Well, you use the code below:

Easy, right? 

For some reason, I couldn't make it work by hooking the flush_rewrite_rules() function to the after_switch_theme action and I couldn't find out why – if you have the answer, enlighten us in the comments.

Adding Custom Columns to the Posts List

This handy little action allows us to create additional columns to the posts list in the "All Posts" admin page.

Display Each Post's Attachment Count in a Column

Imagine that you need to see how many files you attached to each of your posts because, say, you want to double-check that you attached 10 gallery images for every post of yours. Instead of counting them one by one in the Media Library, you can add an extra column to the listing in the "All Posts" page like this:

Granted, this is an example for a very spesific scenario. But remember that you saw it on Tuts+ Code – you never know when you'll need it!

Working With the <head> of Admin Pages

From time to time, we might need to inject things into the <head>s of the pages of our administration panel. And the admin_head action does exactly that!

Displaying a Different Favicon in the Back End

This quick and simple example demonstrates how to inject the necessary HTML code for a "favicon" into your admin panel's <head> with ease:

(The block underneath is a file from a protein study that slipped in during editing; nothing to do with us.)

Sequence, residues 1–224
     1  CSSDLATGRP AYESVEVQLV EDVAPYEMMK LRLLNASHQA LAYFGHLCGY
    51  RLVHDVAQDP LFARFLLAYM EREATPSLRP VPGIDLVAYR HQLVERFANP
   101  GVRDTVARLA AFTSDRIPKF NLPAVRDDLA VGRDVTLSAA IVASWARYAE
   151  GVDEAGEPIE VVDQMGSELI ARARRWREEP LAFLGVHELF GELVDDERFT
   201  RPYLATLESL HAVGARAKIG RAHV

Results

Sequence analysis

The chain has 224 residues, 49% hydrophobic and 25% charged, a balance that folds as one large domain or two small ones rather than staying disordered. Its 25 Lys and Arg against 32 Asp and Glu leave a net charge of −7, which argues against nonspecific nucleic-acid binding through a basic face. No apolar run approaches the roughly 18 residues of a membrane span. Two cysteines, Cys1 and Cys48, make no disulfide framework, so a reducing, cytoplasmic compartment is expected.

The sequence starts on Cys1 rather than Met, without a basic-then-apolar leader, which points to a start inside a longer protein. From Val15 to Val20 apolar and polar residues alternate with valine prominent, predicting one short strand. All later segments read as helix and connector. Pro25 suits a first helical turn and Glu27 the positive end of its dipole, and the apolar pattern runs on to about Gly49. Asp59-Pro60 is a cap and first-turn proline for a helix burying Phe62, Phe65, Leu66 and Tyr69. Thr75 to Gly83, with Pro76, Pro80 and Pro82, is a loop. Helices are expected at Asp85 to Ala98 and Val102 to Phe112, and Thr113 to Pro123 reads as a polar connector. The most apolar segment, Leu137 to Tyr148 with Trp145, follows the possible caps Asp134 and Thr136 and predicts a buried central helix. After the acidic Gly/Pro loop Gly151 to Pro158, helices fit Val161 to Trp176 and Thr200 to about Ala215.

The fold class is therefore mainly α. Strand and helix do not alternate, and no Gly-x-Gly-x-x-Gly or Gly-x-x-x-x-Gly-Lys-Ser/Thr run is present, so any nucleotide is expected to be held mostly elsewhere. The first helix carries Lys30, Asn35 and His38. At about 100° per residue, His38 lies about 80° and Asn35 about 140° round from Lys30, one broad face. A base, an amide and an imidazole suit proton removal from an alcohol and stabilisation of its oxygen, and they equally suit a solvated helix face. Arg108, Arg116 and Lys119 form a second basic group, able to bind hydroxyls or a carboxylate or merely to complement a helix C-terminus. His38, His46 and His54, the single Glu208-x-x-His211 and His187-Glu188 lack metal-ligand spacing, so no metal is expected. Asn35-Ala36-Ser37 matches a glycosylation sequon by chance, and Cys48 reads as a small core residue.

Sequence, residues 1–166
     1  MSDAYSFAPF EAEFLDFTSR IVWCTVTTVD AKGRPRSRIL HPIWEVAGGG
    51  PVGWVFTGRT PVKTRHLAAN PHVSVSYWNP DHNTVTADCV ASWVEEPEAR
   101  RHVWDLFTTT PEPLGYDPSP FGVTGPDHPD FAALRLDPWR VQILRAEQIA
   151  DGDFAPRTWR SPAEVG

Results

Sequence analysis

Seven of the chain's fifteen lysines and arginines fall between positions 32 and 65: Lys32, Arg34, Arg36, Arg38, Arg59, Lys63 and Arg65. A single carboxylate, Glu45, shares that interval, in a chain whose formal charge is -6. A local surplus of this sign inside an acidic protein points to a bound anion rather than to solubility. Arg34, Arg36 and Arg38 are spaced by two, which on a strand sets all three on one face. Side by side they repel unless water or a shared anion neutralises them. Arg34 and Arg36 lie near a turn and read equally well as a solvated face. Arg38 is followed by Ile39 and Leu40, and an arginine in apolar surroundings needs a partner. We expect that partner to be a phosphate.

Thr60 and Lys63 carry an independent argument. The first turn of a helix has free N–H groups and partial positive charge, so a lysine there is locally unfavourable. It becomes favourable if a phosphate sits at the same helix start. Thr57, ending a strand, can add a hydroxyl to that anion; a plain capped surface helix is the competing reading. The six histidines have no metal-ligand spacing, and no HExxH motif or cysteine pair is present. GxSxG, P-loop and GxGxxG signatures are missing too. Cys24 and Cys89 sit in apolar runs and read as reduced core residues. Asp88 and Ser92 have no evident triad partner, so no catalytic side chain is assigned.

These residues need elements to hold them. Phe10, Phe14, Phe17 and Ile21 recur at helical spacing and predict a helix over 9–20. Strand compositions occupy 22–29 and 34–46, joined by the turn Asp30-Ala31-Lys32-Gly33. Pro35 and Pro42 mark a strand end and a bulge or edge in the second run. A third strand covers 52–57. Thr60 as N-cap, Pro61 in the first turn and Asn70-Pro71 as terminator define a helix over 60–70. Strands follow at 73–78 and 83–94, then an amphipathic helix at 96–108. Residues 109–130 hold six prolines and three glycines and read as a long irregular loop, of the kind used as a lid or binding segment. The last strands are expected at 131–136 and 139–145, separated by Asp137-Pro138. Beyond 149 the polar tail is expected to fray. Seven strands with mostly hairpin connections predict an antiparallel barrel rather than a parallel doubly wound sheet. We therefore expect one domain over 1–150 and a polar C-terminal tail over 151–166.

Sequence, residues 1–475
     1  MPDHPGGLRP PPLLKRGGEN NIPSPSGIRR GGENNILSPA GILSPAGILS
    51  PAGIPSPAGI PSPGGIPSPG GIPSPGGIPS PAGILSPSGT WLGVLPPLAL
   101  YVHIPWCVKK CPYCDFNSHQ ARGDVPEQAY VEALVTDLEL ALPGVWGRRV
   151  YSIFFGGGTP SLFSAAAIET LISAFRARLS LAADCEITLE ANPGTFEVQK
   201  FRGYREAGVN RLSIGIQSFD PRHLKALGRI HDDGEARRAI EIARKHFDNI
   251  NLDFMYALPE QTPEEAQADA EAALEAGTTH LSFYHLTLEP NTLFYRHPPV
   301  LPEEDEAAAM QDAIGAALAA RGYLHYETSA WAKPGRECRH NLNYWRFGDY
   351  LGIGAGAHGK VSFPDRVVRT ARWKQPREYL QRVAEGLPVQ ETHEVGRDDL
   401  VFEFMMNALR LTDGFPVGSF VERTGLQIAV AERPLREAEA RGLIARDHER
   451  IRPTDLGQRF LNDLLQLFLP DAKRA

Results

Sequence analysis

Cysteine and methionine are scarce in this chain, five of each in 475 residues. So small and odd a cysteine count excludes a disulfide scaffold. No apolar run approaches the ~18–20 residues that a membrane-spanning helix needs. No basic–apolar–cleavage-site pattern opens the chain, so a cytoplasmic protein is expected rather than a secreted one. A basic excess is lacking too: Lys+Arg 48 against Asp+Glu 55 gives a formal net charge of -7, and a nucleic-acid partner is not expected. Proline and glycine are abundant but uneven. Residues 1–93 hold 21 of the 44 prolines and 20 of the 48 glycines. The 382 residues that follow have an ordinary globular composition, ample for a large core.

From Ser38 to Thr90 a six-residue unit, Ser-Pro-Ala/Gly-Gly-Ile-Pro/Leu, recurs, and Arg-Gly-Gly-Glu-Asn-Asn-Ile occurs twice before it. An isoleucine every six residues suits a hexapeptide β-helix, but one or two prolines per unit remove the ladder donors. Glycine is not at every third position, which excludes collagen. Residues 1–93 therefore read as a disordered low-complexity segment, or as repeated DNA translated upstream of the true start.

Place an admin-favicon.ico file inside the /images/ folder in your theme and you're good to go!

Injecting Code Into the wp_footer() Function

This action is called when the function with the same, wp_footer() name is run. You can use it to customize the output of the function.

Displaying a Quick Performance Report for Admins

Want to see a quick report of how many queries your pages run and how much memory they use? These bits of code will help you with that:

Now you will see a commented out piece of information about your queries in the source code of your web pages. Don't worry: Non-administrators won't see this.

Handling the Enqueuing of Frontend Scripts

This is one of the fundamental need-to-know actions if you're working with themes: The wp_enqueue_scripts action handles the process of enqueuing scripts and styles in the front-end.

The Correct Usage of the wp_enqueue_script() Function